"We've lost the signal........"

Saturday, January 28, 2006 at 01:12 PM

Yep. 20 years, has it been now? Challenger blasted itself to shards over the Florida cape...

I was then working for a now-extinct maker of passive components for aerospace. It was one cold morning, too, and it seemed not even the coffee worked.

I was buried underneath a piece of gear, as the boss came in: "Hey, the wife just called, the space shuttle blew up!"

"Ha-ha.", I smirked and went back to work. "You need to work on your delivery."

But, I looked at his face. Joke, this was not.

The bad part was gathering around the tube down in QA, my heart and my stomach both quivering like a pair of tennis shoes in the dryer. The tube was on, and they were doing the obligatory "obit" stuff, where they detail the records of those no longer with us.

Then, they played it back. I wanted to puke. In all my years, even to that point, I'd seen shit that would send some screaming into the night, such as working with some friends on the rescue squad, and trust me, some car crashes stick with you.

"I don't fucking believe it.", I heard to my side. One of our engineers, and he was not the kind to use such language.

"It's gonna get real bad real fast.", the head of QA told me. "From here on in? Everyone and their brother is going to be playing cover-your-ass. We're talking serious problems, Six. There is going to be an investigation, yessir."

"May take forever.", one of the senior engineers chimed. "You're talking about a bird with more parts than a dozen helicopters."

"Worse.", I added. "Live and in living color."

By dinner time, the missus elbowed me pretty hard. "Listen."

And they were showing the tape from the cameras under the pad, and there it was: The singular plume of fire, that told me what had gone so horribly wrong. Somehow, the SRB hadn't sealed properly, a plume of burning fire ate through, and well, it doesn't take a PhD to figure the rest, eh? Put oxyfuel torch to gas tank and wait.

"So, you guys are in the clear."
"It's just beginning.", I sighed hard. "Finger pointing now begins. And as always, the real answers will be lost."

Analysis? Someone at NASA got in a hurry, and violated their own specs. The seals couldn't seal at the near-zero temp, so, when the engines starting cranking out power, some flaming gas escaped, burning a hole in the liquid fuel tank.

Is such a thing all that new, I'd be asked by others? Not even close. Anyone who hasn't read any of Ralph Nader's books, or listened to the news about record awards from juries concerning wrongful death, well, that's your own fault.

As a pilot, we were taught, almost from day one: 99 percent of all indicents that create casualties or death are usually pilot error, not mechanical failure. Rare are the mechanical goofs, more common is "Somebody miscalculated that approach speed....", "He should've paid more attention to the weather", "Only an idiot attempts to land in ice like that....."

Unfortunately, within business, and almost too many industries, and yes, even government dealings, there is always someone who makes a mistake. It doesn't take much, either. And then, sometimes, not so much a mistake, but poor judgment: A deadline being more critical than a weight-n-balance check, more important to stay on schedule, than do a deeper check of airframe wear and tear.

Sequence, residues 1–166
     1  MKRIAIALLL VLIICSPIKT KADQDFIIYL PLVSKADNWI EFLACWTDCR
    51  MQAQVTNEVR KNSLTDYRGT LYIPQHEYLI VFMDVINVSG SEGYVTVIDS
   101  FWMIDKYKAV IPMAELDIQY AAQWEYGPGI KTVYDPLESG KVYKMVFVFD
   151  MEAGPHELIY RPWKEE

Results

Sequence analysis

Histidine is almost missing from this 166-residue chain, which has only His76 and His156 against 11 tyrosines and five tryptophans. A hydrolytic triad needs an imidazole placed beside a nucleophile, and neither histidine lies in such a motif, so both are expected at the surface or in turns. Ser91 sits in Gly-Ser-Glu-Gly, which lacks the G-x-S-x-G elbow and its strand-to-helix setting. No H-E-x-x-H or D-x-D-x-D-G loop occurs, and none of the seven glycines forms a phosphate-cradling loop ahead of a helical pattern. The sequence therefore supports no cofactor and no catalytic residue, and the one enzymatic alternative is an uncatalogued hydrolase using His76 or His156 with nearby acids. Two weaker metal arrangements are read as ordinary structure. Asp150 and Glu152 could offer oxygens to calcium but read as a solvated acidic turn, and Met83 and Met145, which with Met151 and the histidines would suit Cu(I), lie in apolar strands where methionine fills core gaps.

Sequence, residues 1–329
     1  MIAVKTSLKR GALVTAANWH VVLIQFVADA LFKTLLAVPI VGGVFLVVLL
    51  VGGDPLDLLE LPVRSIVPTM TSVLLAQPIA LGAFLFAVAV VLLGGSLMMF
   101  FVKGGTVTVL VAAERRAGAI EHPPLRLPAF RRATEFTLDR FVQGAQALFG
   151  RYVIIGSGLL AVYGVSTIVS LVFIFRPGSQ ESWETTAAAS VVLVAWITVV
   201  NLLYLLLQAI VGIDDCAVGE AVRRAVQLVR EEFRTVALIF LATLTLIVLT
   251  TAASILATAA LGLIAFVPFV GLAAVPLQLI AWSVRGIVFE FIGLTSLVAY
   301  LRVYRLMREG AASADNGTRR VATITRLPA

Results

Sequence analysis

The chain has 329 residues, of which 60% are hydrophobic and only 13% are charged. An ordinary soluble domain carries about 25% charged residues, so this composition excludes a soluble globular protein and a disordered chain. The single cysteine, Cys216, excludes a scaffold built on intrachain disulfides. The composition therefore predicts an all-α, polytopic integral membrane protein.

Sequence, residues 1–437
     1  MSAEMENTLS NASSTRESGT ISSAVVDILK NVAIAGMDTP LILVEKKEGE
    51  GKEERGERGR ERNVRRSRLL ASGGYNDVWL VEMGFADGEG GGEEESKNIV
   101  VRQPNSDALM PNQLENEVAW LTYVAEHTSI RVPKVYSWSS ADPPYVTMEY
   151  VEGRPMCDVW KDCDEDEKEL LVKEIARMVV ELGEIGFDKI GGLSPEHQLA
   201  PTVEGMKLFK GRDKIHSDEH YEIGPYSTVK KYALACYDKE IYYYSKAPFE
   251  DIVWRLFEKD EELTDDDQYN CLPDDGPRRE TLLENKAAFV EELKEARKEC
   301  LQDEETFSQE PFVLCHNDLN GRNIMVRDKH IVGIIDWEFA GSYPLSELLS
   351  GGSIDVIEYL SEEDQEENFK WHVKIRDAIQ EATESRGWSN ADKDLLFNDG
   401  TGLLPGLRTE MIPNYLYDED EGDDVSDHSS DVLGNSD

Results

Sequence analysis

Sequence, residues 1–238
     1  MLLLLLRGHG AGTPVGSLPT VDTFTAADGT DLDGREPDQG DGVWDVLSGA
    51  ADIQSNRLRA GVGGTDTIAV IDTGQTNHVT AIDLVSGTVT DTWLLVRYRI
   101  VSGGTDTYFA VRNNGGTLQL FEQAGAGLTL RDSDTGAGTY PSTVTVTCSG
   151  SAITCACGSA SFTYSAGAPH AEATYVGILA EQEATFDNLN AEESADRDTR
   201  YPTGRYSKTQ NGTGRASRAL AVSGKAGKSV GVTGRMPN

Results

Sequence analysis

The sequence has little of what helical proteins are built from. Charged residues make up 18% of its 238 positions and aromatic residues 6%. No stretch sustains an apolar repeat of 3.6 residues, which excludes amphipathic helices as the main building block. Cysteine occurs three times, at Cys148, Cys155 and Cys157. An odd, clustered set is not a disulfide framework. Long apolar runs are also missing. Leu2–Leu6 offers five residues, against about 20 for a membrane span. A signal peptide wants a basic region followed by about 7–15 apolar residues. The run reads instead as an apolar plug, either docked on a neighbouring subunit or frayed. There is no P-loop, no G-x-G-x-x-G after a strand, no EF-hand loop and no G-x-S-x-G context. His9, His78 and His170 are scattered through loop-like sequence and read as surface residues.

It's been said, but never proven, that part of the Titanic disaster was pressure put on the skipper to get to NYC at the earliest, pure PR show, of course. Was this part of what caused the accident? Hard to say, sinkings in that era were commonplace, not rare.

But, we also live in a time when stockholders demand higher returns, and those at the top often make deathly trades to appease them. Which is cheaper? A few out-of-court settlements or a safety doohickey? On time airline performance verus the occasional fatal crash due to tired pilots and crew?

And we who were in Quality Assurance, oh, we knew what the biggest hurdle to quality was all along: Upper management. You can create a safe design, engineer it to death, use the best parts, and then some dickhead in a suit demands "Make it cheaper."

Yeah, make it cheaper. Make it go when it shouldn't. Make it last forever when the data says 6 months at the max.

Challenger, then, in reality wasn't an accident or a goof; it was nothing more than inept management making yet another dumb decision, not based on logic, nor safety, nor quality, but on image, PR and sadly, yep....profits.

We lost seven good men and women, and over a year's worth of space work due to such an idiotic decision.

Of this I do know, somewhere, out there, right now, someone else, too, is making a decision as bad, as stupid, and as stuck in a dimwitted frame of logic based on either "looking good" or....profits.

And many will die. A tire will give. A wing will collapse. An engine will quit. A heart will stop. A cancer will metastatize. A war will be thrown.

And do we ever learn? When do we decide to put our foot down and learn: Human life is worth far more than money, fame, glory and ratings.

Best ask the dead that.